Next, there are a myriad of small differences that begin to make themselves known. Here at the Chapolards, we make small boneless Noix de Jambon, like culatello but smaller cuts. But this high Basque valley area is famous for ham- on my own map of SW France I call it Ham Heaven. From these farms to this table, or in this case from those Basque piglets to this beautiful Kinto ham rubbed red with the Basque panacea Piment d’Espelette, there are a lot of small important steps: the careful tending and feeding of the animals who live most of their adult life outside until the age of 12-15 months; the slaughter and butchering of the carcasses; the salting, drying and ageing of the hams in this specially designed ‘sechoir’ or curing facility for another 12-18 months. A total of three years plus if add in the gestation period of the piglets.
Most often we eat the salty fruit of all these labors with barely a thought of the day-to-day work that goes into making our basic food. But I trust that after 4 weeks of up front and personal contact with the French farmers, butchers and charcutiers that grow, tend, slaughter, butcher and transform, this well-dressed group, including me, will spend an extra little moment of reflection on the people who make the food we eat. Thanks to all our welcoming hosts-charcutiers Eric Ospital, Catherine Oteiza, and farmers Josette Arrayat and Gerard Bordagaray!
at the Sechoir Collective de la Valle des Aldudes
* ‘Cannibal Ed’ Boden (1981-USVI)
Last night, as the kitchen crew began to lose control between increasingly large portions of truffle-related wonders, Jack uttered a solitary phrase as I suggested we taste the fruits of our week’s labors- a recreation of a historic hunting-inspired terrine favored by Henri IVth.
“Let’s taste Kate’s small terrine of joy”.
The Small Terrine of Joy- henceforward referred to simply as STJ- had been resting on the counter perfuming the air above and around that corner of the kitchen, wafting up the stairs and sneaking under the pigeonnier’s chambres with a heady hint of forest and field elevated to a sublime taste of… game, pork,and veal bound by truffleness.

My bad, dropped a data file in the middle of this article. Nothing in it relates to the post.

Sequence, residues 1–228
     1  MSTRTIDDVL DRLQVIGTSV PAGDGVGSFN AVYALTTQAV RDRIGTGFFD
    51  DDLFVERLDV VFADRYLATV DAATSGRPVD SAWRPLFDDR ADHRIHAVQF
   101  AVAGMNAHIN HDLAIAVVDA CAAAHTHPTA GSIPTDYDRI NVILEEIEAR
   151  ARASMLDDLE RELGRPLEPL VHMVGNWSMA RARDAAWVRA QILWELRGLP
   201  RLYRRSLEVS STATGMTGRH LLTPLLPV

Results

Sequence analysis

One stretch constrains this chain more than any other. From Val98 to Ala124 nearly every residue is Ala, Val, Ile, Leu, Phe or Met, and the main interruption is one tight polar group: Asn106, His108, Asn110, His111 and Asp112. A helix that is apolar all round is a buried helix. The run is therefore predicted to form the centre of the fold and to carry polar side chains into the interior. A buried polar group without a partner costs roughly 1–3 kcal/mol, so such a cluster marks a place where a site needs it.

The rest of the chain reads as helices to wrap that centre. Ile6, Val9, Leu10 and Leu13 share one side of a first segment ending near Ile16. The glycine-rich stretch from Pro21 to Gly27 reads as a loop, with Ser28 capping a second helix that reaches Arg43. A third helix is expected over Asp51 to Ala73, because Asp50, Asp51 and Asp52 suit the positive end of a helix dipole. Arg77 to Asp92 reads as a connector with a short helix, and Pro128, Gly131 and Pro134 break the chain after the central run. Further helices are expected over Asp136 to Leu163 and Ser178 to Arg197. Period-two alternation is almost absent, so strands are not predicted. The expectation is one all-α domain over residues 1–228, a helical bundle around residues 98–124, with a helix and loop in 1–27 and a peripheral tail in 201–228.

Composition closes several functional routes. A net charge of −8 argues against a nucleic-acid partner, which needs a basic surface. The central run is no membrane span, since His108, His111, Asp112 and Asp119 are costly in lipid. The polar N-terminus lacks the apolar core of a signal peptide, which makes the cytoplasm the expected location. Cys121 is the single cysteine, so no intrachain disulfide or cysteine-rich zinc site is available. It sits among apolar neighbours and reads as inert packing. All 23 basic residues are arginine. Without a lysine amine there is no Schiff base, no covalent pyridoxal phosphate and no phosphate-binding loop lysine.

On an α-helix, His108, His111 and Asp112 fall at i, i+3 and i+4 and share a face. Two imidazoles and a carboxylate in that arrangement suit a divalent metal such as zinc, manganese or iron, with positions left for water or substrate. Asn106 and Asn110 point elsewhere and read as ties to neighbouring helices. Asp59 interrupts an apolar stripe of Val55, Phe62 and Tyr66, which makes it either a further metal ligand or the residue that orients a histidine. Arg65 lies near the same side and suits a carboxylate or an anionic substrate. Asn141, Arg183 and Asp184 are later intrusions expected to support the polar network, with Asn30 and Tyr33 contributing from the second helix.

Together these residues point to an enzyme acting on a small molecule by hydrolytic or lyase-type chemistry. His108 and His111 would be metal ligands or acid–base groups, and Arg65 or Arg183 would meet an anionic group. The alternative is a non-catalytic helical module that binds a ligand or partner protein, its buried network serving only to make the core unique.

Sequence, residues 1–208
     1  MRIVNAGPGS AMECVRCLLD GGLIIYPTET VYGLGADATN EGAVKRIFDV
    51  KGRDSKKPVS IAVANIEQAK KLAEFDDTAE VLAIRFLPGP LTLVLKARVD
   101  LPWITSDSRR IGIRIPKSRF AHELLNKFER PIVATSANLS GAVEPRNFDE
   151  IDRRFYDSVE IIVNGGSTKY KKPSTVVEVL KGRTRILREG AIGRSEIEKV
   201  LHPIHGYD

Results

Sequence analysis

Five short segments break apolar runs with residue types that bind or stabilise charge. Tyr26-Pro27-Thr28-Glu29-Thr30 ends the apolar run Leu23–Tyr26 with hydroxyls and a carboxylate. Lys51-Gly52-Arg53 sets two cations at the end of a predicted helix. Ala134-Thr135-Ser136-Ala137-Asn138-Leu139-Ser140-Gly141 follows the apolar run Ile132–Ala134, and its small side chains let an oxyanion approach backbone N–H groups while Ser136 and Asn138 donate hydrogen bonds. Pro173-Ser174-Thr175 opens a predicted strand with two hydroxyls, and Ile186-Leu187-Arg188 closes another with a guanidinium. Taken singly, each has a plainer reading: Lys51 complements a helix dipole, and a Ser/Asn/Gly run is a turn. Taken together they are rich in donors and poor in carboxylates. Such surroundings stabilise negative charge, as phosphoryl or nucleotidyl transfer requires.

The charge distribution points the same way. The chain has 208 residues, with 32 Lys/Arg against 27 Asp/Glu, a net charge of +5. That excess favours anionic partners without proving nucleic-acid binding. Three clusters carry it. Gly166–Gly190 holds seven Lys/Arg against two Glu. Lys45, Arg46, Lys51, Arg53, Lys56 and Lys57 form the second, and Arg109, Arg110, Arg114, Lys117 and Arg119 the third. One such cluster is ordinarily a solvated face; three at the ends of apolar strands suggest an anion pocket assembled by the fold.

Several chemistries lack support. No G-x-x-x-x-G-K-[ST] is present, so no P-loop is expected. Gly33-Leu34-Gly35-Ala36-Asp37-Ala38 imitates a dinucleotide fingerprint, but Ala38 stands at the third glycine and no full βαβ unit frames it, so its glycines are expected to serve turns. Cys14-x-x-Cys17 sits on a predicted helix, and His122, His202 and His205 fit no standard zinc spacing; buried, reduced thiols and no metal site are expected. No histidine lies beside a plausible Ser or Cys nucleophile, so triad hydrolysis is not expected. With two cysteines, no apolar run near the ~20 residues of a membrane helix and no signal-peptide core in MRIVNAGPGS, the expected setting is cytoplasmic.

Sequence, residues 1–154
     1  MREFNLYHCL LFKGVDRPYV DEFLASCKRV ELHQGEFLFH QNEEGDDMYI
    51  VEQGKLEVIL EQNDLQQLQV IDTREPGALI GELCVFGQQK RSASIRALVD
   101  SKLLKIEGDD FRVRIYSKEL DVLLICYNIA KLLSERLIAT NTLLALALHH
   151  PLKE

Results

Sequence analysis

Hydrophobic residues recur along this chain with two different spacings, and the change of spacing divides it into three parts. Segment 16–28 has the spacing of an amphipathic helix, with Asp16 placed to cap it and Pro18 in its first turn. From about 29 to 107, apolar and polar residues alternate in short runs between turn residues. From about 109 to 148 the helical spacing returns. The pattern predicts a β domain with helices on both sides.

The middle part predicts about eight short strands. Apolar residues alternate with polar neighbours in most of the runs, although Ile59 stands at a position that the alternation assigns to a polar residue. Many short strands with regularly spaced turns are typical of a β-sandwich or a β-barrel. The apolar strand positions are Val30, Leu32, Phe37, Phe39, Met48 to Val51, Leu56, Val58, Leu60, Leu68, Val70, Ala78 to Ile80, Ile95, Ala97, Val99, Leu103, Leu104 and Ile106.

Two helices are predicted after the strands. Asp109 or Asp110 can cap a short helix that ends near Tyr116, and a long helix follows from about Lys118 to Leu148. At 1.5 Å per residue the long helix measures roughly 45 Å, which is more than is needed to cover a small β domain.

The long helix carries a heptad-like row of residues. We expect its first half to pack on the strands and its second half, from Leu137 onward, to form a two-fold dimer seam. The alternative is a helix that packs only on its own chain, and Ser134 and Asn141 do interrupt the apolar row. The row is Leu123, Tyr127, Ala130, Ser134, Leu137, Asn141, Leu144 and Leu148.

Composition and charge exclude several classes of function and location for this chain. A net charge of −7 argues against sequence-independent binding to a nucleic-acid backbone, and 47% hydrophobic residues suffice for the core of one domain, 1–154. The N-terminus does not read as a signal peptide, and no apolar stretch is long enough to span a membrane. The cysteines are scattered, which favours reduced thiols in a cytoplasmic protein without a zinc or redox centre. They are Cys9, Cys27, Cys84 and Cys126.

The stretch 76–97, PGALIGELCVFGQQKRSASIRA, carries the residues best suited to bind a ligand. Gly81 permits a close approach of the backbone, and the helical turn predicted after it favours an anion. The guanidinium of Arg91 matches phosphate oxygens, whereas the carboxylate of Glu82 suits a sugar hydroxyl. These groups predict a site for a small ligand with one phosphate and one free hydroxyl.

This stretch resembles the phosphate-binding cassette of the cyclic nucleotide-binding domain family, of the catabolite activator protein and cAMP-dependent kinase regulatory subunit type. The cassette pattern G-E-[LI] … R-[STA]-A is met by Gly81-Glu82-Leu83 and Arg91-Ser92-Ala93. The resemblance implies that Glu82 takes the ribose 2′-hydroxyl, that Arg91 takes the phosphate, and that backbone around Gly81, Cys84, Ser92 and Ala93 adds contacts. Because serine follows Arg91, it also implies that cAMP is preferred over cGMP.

Less a recipe than a celebration of special ingredients, bound by traditional respect for lean and fat, natural flavor and added seasoning, we began with an idea and ended up with delicious mouthful of succulent savory textures that played between toothsome and tender as foie gras melted onto truffles under a lean strip of marinated pheasant.
This is a lesson in cooking, as we let the ingredients dictate how we treat them, slow or high heat, moist, covered or browning. This is not a recipe of proportions or weights; this is an afternoon of friendship and inspiration manifested at the table and on our plates in the Kitchen-at-Camont. For Tim Clinch’s lovely take on this: http://timclinchphotography.tumblr.com/post/3561477421/the-small-terrine-of-joy-actually-a-terrine
Where do you go? on a gray day in France? on a Tuesday in February?
Lalbenque. Just off the A20 between Montalban and Cahors. Tuesdays between November-Mid March. Eat at Le Cafe du Monde before the market. The food was extraordinary. Gilda and Bernard the most welcoming chef & host. Better yet, take the train to la gare and get drunk on truffle with us!
Thanks Georgia W. for the pics!
It is just 26 days to D-day. January 1 2010 is Duck Day and I’m counting days to my arrival on Podchef Island to help the @podchef himself, farmer, chef and food guru Neal Foley, kill, cook, cure and eat a few dozen meaty Rouen ducks. Someone declared December as ‘all-duck, all the time’ month. So as December’s kitchen becomes more and more infused with the scent of duck, I took a break from savory to sweet with these melt in your mouth shortbread cookies.
In the spirit of Ashley Rodriquez’ great post on bacon fat shortbread cookies here, ‘nothing goes to waste’ in the Kitchen at Camont. So with a bit of tweaking from Ashleys’ recipe and an inspirational nod to my sweet guru David Lebovitz easy jam tart use of cornmeal (after all ducks take to corn like… ) I baked up a first batch of these crumbling rich, nutty-flavored shortbreads. Duckys.
Here’s the recipe for a few dozen Duckys
70 gr duck fat
70 gr butter
50 gr white sugar
50 gr brown sugar
2 large eggs
1 Tablespoon white armagnac- (or rum)
200 gr white flour
80 gr fine cornmeal
1/2 teaspoon salt
1 Tablespoon baking powder
I melted the duck fat and butter together with the sugar until it formed a broken caramel.
Then measured all dry ingredients into a large bowl, poured in fat/sugar mix, broke in the eggs with the armagnac then stirred like mad.
Next, I divdied the dough in half, formed two rolls, wrapped them in parchment and stuck them in the frigo until I was ready to bake.
Cut the rolls into thick slices. Place on cookie sheet. Bake in a hot oven (400′F) for 15 minutes or until slighty toasted. Quack! Quick, make coffee or tea!